By Alexander Russo
Within a single week last November, DeVry, Inc., the publicly traded company that owns a national chain of for-profit postsecondary schools known as the DeVry Institutes of Technology, announced a whopping 15.5 percent enrollment increase, received a Better Business Bureau award and was sued by three recent graduates for failing to provide an adequate education.
The day after the lawsuit was announced, DeVry stock tumbled 22 percent, but a few weeks later, the stock had rebounded. These recent events are typical of DeVry's 70-year-long roller coaster ride.
Walk up to the DeVry campuses in Chicago or suburban DuPage County-two of 21 nationwide-and you will see nondescript buildings that resemble offices more than anything else. Inside, old-fashioned electrical scopes with dangling clamps and eerie green and black screens sit alongside modern computers that have large color monitors, in the electronic labs that are DeVry's signature teaching environment.
Founded by inventor Herman DeVry in 1931 as a film and radio repair school, DeVry was for many years a little-known subsidiary of Bell & Howell. During those years, the school was known mainly for its late-night television ads and matchbook-cover recruitment efforts.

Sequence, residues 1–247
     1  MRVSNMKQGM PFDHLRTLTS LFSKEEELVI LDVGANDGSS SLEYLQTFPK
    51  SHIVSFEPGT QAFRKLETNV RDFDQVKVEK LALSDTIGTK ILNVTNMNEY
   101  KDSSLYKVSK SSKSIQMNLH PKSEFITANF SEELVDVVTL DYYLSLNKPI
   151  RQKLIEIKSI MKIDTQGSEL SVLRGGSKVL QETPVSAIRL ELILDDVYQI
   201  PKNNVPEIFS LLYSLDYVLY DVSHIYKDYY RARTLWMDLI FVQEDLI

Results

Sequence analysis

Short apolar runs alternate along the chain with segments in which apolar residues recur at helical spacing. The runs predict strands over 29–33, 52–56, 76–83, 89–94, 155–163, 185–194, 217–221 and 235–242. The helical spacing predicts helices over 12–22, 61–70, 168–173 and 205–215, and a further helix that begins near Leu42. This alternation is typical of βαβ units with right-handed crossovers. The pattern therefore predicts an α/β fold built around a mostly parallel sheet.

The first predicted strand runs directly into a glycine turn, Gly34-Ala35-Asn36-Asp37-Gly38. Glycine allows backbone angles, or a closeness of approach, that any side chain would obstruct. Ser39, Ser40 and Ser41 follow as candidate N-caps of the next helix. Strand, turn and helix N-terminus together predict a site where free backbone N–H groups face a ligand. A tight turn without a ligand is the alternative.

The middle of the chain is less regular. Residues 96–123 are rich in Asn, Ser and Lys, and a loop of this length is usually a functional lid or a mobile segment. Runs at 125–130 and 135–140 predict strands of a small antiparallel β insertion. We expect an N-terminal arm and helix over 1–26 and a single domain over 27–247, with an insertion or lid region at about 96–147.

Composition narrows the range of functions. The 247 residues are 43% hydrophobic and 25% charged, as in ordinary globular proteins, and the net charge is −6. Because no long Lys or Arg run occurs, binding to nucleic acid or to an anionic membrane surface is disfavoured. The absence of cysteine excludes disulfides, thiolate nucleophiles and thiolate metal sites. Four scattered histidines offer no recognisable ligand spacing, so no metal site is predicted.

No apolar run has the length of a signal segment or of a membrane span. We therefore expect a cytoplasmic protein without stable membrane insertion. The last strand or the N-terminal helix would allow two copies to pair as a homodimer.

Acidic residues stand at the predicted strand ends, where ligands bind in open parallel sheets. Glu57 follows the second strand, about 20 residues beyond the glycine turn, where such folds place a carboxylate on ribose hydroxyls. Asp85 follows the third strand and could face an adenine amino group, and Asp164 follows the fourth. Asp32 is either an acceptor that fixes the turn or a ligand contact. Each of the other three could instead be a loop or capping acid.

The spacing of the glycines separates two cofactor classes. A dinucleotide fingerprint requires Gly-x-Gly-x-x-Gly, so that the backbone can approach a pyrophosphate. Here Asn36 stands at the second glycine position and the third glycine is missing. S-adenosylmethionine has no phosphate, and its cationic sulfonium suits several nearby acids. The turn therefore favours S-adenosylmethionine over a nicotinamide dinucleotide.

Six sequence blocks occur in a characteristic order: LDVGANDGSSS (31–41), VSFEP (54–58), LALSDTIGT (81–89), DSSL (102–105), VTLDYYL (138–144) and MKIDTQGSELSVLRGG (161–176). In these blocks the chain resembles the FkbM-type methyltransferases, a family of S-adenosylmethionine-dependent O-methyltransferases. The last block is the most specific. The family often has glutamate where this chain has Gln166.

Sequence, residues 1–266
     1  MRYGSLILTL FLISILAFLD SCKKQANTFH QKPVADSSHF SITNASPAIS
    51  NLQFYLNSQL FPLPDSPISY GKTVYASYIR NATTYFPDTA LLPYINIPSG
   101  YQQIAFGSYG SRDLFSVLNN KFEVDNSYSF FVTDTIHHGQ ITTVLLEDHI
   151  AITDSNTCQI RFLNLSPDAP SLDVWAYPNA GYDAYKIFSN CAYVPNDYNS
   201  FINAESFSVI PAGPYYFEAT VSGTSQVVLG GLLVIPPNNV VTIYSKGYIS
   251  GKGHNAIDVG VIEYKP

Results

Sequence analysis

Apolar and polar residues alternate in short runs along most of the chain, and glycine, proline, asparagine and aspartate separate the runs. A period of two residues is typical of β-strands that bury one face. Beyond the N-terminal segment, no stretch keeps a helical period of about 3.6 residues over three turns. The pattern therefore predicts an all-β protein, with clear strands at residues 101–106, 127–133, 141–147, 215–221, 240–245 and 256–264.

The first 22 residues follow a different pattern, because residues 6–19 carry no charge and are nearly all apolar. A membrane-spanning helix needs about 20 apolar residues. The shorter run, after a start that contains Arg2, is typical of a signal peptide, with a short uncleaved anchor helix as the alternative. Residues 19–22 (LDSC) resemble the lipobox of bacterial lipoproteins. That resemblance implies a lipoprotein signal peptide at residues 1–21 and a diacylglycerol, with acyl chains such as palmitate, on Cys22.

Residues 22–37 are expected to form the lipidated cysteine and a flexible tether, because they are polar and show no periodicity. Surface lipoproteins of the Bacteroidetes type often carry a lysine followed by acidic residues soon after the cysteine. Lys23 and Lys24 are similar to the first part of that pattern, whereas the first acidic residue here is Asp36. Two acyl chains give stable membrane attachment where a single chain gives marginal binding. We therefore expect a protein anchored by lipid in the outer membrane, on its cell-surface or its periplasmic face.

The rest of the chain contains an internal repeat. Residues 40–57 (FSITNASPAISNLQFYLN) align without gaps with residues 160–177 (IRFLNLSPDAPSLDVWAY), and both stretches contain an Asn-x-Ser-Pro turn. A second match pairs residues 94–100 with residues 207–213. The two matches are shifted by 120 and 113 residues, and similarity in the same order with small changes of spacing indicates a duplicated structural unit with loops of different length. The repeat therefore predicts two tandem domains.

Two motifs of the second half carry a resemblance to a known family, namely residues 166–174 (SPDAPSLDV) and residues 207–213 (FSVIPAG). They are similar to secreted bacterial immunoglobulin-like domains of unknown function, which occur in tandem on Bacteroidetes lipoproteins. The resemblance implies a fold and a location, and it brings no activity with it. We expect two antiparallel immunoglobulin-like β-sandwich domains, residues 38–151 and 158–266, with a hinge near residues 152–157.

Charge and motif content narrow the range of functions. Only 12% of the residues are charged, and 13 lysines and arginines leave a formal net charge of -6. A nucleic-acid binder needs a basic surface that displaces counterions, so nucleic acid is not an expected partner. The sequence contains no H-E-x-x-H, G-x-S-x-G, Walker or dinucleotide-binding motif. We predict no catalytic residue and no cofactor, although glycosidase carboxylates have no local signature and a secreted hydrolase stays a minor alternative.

In 1987, however, DeVry was bought by the Keller Graduate School of Management, run by Dennis Keller and Ron Taylor, who had started out working at DeVry years before. Since Keller and Taylor took over, DeVry has grown into one of the largest proprietary (for-profit) higher education institutions in the nation.
The 21st DeVry Institute recently opened in Orlando, Florida. Undergraduate enrollment has reached 47,000 and has increased by 85 percent since 1995. Earnings and stock market performance have been strong.
DeVry's enrollment is racially diverse-45 percent minority, 42 percent white last year. ("Not known" accounted for 12 percent.) Successful graduates include Carl Ray, executive director of NASA's small business research and technical transfer programs, and Kathryn Wolfe, president of Zenith Sales Co., the consumer division of Zenith Electronics.
Although the two-year electronics program is still offered, four-year degrees in computer information systems and telecommunications are now the most popular choices of DeVry students.